On Sunday afternoon the people swarmed into the camp from Philadelphia in multitudes; appearing like a caravan as they approached the entrance, in a long line which stretched across the neighboring field.  The tents, especially where the mediums were ensconced, attracted crowds of people, but only one of the mediums gave sittings on Sunday, so that there was not much opportunity to test the spirits.  One tent was covered with painted figures and designs, emblems of magical power, and within for a small fee the horoscope of one’s life could be seen, or at least so the advertisements stated.  The tent seemed to be well patronized, and doubtless many persons now know what blessings and ills are awaiting them in the future.  There were several singular characters standing around surrounded by a group of people to whom in an excited, earnest manner, the phases of Spiritualism were discussed.  One of these apostles had long black hair, slightly mixed with gray, which was gathered together at the back and tied with a string, which made it look somewhat like a chinaman’s queue.  His clothing was very seedy looking, as if he did not care particularly about his material body but his eyes were very sharp and piercing and his features bore the eager, longing look, which denoted that he was an earnest devotee at the shrine of the spirits.  While looking at this man a lady dressed in blue passed by.  She wore her hair, which was auburn in color, in curls tied back with a band.  Her head was hatless and as her slight figure moved through the crowd she attracted a great deal of attention.  Her face was not very pleasing to look at, her voice was harsh and masculine and her features seemed rather coarse, and although she smiled frequently and answered the people who accosted her—she seemed to have numerous acquaintances—good humoredly, there was a weary, tired, look in her blue eyes.  I at once imagined that she was one of the mediums, and was not surprised afterwards to learn that she was Mrs. Allyn, who under the inspiration of some spirit delivered an address in the evening.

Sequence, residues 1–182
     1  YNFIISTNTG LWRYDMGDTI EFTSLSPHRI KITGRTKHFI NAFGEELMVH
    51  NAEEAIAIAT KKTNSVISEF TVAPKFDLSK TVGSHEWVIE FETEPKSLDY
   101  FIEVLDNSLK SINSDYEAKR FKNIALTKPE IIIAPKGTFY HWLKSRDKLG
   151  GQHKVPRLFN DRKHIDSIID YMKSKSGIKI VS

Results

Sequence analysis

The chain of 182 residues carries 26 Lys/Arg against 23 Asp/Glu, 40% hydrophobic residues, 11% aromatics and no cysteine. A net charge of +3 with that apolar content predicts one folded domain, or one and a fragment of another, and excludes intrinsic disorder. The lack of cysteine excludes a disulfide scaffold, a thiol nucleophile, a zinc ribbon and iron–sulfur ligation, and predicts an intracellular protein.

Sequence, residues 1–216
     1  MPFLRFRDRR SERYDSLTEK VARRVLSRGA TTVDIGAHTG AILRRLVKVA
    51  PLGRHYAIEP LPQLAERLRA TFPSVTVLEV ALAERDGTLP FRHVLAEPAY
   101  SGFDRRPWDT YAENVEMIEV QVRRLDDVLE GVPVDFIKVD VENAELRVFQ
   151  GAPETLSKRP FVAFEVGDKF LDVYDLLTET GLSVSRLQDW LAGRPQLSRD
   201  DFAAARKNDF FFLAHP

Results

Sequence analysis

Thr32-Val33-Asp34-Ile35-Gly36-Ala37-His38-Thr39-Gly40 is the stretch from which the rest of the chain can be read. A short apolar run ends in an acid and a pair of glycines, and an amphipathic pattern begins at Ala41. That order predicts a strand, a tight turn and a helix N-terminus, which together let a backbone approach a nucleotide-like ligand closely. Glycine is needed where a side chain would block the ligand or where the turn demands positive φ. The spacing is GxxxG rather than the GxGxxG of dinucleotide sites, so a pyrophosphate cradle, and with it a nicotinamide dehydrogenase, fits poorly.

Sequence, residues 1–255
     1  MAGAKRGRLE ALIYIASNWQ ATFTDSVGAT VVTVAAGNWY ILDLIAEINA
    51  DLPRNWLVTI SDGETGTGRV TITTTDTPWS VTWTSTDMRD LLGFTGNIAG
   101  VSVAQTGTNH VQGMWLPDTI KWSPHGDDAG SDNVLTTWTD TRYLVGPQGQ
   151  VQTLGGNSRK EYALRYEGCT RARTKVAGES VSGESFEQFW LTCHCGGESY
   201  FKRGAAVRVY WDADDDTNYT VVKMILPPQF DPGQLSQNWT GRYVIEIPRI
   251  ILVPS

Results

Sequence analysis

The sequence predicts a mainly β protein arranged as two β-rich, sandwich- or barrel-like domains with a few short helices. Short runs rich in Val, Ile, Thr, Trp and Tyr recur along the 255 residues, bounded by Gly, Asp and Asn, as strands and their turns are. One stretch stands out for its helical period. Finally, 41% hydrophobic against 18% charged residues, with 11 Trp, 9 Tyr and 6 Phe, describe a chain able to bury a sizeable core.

About three o’clock the people gathered in front of the stand and listened to addresses by Messrs. Wheelock and Lynn.  The former spoke for a few moments only.  The latter delivered quite a long lecture, but it was so well received that his audience wished him to continue speaking.  He is lame and has to use a crutch in walking or standing, he was wounded in the war I was informed.  His lameness did not hinder his movements much, or else his eloquence and wit were so attractive that his infirmity was not noticed.  He spoke very little about Spiritualism, alluding to it only twice or three times, and then only incidentally.  His theme was “Anti-Christ,” and he handled his subject ably.  His remarks were often applauded—clapping the hands being the substitute for the glory’s and “hallelujah’s” of our Methodist brethren—and quite often created a ripple of laughter when he made a good point.  Among other things, he said that he did not come to make converts to Spiritualism as a sect, there were enough sectarian religions already, but that the camp meeting was held to let the people of the neighborhood see that Spiritualists were men and women, like other people, and not a set of ghost hunters.  If a Catholic, he said, found comfort in the gorgeous ceremonials of his Church, that was the place for him; if the Presbyterian received good from his Church, he should remain a Presbyterian; if the Christian found that religion was a help and sustained him in his troubles and trials, the Christian religion was where he should seek comfort.  In like manner Brahmanism, Mohammedanism and Spiritualism were commended as beneficial to those who found the doctrines of those beliefs edifying, and aids in attaining to the ideas of perfection advocated by those religious systems.  Truth, the speaker said, was found in every religion, but no religion nor all religions together contained the whole truth.  At the conclusion of the lecture I inquired the name of the lecturer from a man standing by.  I did not at first notice the peculiar Spiritualistic stare in his eyes or I would not have been at all surprised at his reply, which was a follows: “The speaker is C. B. Lynn, of Michigan.  He was once a street organ boy travelling around one of our large cities.  He was picked up by one of our speakers, and the same man who magnetized him magnetized me.  We all have to go through a sort of ordeal.  I knew what Lynn was going to say before he commenced speaking.  There (pointing to a bench where he had written a lot of hieroglyphics with a lead pencil) is his whole address written out in full.  Nobody can read it, though, but those who are initiated.”  The writer not being in the ring, so to speak, could not translate the strange writing, and fearing he would either be talked to death or become magnetized, if he remained longer in the company of the magnetized one, he bade adieu to his informant and returned home to muse over the many peculiarities of humanity.     D. M.